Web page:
The changing face of Australia’s property market is a subject of great interest for many, with foreign investment playing an increasingly pivotal role in shaping its contours. Among the most significant contributors to this trend are Indian investors, whose presence has made a profound impact on the Australian real estate landscape. To gain deeper insights into this phenomenon, we had a conversation with Hari Yellina, a renowned real estate investor and entrepreneur based in Melbourne.
According to the 2021 census, Australia is home to 783,958 individuals of Indian ancestry, a figure that accounts for 3.1% of the country’s population. A significant proportion of these individuals have chosen to invest in Australia’s property market. “Approximately a quarter, possibly even a third, of individuals with Indian ancestry invest in Australia,” says Yellina, highlighting the extensive reach of Indian investments in the country.
Yellina attributes this trend to a variety of factors, ranging from the high-quality education and employment opportunities offered by Australia to the cultural familiarity provided by its large Indian community. He notes that Indian investors are drawn to the long-term capital growth and low-risk nature of the Australian property market. “Australia is known for its stable political environment and well-regulated property market, making it a relatively low-risk option for international investors, including those from India,” he explains.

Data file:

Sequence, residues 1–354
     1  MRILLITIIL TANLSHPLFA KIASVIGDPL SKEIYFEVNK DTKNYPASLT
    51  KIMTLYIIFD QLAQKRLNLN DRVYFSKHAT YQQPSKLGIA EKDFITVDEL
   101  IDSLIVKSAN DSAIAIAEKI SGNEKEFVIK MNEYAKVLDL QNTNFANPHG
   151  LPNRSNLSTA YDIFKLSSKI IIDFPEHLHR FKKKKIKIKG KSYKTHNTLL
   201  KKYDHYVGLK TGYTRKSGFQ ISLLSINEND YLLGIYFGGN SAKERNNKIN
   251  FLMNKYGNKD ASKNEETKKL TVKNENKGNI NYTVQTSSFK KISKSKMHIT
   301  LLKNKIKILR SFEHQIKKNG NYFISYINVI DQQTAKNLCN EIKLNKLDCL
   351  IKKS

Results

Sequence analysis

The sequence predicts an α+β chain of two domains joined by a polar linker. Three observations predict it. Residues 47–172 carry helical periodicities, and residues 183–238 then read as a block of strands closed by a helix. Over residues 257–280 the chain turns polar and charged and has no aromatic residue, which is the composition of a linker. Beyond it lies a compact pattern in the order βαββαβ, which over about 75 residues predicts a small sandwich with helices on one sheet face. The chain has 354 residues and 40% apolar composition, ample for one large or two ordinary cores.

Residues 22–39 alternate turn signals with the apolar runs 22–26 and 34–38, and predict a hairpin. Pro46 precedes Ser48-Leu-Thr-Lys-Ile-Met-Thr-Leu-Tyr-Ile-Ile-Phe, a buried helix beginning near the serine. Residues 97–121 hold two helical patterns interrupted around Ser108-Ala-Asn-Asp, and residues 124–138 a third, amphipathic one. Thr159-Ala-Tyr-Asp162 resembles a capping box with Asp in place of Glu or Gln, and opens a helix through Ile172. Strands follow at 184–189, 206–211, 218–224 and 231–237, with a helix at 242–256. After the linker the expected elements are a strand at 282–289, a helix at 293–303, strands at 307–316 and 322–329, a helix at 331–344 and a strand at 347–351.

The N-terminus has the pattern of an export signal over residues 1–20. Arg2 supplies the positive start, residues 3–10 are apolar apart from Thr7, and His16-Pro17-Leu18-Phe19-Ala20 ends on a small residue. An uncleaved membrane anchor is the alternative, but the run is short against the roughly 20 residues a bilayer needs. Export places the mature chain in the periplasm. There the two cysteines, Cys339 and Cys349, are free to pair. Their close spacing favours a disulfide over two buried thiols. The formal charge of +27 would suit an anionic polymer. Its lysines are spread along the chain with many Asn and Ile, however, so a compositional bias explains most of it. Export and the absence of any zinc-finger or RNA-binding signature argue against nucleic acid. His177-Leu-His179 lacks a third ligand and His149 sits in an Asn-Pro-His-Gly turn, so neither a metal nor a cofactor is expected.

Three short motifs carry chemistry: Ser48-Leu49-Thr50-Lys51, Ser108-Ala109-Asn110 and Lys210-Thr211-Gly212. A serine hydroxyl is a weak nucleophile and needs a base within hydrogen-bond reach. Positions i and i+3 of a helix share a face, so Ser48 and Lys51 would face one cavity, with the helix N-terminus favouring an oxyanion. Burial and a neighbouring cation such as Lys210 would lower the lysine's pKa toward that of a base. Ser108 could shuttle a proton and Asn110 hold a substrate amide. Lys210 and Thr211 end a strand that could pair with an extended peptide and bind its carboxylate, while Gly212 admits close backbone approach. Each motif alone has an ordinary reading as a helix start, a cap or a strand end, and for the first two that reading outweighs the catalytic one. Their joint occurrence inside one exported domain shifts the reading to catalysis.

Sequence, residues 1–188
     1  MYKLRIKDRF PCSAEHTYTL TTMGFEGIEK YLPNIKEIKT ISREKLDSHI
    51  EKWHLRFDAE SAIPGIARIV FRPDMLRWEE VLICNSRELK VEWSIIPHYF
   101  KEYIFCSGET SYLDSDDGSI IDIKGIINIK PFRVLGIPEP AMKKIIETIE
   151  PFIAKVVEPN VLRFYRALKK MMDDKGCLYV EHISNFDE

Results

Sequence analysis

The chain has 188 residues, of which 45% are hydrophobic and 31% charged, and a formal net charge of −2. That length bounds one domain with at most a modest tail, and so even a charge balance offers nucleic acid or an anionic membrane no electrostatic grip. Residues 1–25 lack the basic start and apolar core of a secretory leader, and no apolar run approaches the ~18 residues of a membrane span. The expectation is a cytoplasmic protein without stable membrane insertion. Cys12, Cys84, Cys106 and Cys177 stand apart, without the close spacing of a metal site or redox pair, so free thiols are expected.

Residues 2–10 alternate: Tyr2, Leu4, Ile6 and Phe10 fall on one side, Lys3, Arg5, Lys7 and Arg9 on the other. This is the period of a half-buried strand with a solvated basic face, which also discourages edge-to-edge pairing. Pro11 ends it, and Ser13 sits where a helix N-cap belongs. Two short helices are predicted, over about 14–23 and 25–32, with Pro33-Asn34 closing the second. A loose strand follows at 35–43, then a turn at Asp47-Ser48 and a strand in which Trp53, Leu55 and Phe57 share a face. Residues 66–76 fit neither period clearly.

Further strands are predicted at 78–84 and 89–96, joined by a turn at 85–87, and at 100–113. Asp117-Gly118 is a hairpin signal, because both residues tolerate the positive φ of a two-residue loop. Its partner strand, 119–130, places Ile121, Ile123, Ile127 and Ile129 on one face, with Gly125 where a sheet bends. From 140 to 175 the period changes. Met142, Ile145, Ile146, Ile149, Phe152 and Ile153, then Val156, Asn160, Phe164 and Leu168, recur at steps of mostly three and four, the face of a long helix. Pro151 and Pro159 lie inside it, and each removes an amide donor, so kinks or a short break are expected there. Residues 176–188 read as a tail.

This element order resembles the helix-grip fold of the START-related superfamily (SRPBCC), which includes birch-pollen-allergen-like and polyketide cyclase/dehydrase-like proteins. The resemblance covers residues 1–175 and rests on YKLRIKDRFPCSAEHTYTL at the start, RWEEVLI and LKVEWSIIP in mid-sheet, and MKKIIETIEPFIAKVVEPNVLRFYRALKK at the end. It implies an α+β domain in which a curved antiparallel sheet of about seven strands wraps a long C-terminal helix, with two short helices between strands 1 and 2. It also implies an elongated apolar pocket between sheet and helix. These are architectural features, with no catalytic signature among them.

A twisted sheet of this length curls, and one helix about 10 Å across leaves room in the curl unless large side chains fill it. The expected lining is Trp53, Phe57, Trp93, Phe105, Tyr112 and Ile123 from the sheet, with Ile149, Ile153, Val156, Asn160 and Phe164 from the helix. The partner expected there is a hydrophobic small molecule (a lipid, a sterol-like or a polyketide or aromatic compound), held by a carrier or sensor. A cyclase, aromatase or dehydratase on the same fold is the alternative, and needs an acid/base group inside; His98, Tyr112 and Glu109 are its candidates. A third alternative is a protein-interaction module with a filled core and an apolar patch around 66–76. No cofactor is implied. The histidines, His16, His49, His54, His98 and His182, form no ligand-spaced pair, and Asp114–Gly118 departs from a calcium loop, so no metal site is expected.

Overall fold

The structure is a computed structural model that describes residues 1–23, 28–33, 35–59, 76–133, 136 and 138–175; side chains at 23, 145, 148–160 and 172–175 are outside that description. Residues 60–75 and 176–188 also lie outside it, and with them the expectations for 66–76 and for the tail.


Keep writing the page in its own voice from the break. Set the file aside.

The types of properties Indian investors choose to buy are diverse, reflecting the variety of their needs and preferences. Yellina points out that commercial properties such as 7-Eleven stores and fuel stations are popular among Indian investors, as are large plots of land for subdivision and development. Residential properties, particularly single-dwelling homes, are also commonly chosen by Indian investors, especially by those who are starting families or are planning to do so.
The geographical distribution of these properties is heavily influenced by the distribution of the Indian population in Australia. Yellina observes that a significant number of Indian investors prefer to invest in Melbourne and Sydney, with Brisbane also growing in popularity. Once settled, many Indian investors gravitate towards well-established suburbs, with Parramatta and Harris Park in New South Wales and Tarneit and Truganina in Victoria being among the top choices.
Yellina shares that Indian investors typically spend around the 650,000 AUD mark, often leveraging the Australian banking system to finance their purchases. “The majority of Indians understand the concept of leverage in the property market and take advantage of the Australian banking system. They often opt for an 80% Loan-to-Value Ratio (LVR) and are diligent about repaying their loans on time,” he says.
“After purchasing a property, Indians in Australia often live in it for some time before upgrading to larger and more upscale houses. They typically retain their previous property for investment purposes”
— Hari Yellina